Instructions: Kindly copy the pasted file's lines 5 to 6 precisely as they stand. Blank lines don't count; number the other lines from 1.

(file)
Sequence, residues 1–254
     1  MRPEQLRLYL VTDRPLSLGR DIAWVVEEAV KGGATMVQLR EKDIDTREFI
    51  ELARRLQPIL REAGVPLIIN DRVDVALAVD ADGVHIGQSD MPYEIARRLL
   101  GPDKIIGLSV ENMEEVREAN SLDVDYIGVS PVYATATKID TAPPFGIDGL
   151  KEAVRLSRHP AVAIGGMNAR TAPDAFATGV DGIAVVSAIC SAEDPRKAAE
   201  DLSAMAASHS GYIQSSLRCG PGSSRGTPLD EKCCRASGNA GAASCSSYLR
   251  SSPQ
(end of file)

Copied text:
   151  KEAVRLSRHP AVAIGGMNAR TAPDAFATGV DGIAVVSAIC SAEDPRKAAE
   201  DLSAMAASHS GYIQSSLRCG PGSSRGTPLD EKCCRASGNA GAASCSSYLR